Instant History Bias

AAA

DEFINITION of 'Instant History Bias'

An inaccuracy in the appearance of investment fund returns that occurs when only new, successful funds report their numbers while new, unsuccessful funds close and their poor returns aren't factored into an investment manager's or investment type's overall performance record.


Instant history bias, which especially occurs in hedge funds, is also called "backfill bias" because hedge fund managers may choose not report fund performance to a database from the fund's inception, but instead choose to "backfill" the database later when they have established a track record of success with a fund.

INVESTOPEDIA EXPLAINS 'Instant History Bias'

Other types of bias that exist in hedge fund reporting include survivorship bias (the inaccurate appearance of high returns because poorly performing funds are closed and their returns are not counted) and non-reporting bias (the inaccurate reporting of overall returns because some funds, probably poorly performing ones, decline to report their returns).





These types of bias may make hedge funds appear to be a better-performing asset type than they really are, because hedge fund managers can choose whether to report the performance of their funds.

RELATED TERMS
  1. Hedge Fund

    An aggressively managed portfolio of investments that uses leveraged, ...
  2. Survivorship Bias Risk

    The possibility that an investor will make a misguided investment ...
  3. Hedge Fund Manager

    The individual who oversees and makes decisions about the investments ...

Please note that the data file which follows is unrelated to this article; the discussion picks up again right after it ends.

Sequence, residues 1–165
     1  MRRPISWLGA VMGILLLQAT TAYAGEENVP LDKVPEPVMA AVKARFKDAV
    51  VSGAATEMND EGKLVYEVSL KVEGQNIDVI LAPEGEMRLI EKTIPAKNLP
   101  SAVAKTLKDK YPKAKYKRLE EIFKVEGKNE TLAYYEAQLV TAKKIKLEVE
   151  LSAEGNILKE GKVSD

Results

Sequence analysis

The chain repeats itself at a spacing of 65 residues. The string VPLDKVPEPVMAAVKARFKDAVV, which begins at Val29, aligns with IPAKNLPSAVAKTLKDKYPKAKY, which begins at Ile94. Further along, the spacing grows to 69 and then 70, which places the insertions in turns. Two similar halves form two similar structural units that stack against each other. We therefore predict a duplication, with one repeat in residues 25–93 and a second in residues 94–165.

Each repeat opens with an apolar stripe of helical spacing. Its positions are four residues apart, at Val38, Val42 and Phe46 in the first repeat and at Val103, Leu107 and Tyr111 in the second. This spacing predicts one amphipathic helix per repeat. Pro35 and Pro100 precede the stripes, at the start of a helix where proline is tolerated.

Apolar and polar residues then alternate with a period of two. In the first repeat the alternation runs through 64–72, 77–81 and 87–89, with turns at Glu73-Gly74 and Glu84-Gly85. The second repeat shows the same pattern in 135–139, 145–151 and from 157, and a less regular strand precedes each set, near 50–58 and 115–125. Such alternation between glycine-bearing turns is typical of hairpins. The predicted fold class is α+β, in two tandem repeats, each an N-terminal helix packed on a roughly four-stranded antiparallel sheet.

4. Bias

    Biases are human tendencies that lead us to follow a particular ...
  5. Reverse Survivorship Bias

    The tendency for low performers to remain in the game, while ...
  6. Average Annual Return - AAR

    A percentage figure used when reporting the historical return, ...
RELATED FAQS
  1. How much of the asset management industry has moved from traditional managers to ...

    While the exact numbers are difficult to calculate due to variations in measurement and the overall growth of the asset management ... Read Full Answer >>
  2. What's the difference between a collateralized debt obligation (CDO) and a collateralized ...

    A collateralized mortgage obligation, or CMO, is a type of mortgage-backed security (MBS) issued by an lender that handles ... Read Full Answer >>
  3. What's the difference between the hurdle rate and the high water mark?

    Hurdle rate and high water mark are two types of benchmarks that hedge funds can set as requirements for collecting incentive ... Read Full Answer >>
  4. How did the financial crisis affect the banking sector?

    Over the short term, the financial crisis affected the banking sector by causing banks to lose money on mortgage defaults, ... Read Full Answer >>
  5. What does standard deviation measure in a portfolio?

    Standard deviation is a mathematical measurement of average variance and features prominently in statistics, economics, accounting ... Read Full Answer >>
  6. How do hedge funds use short selling?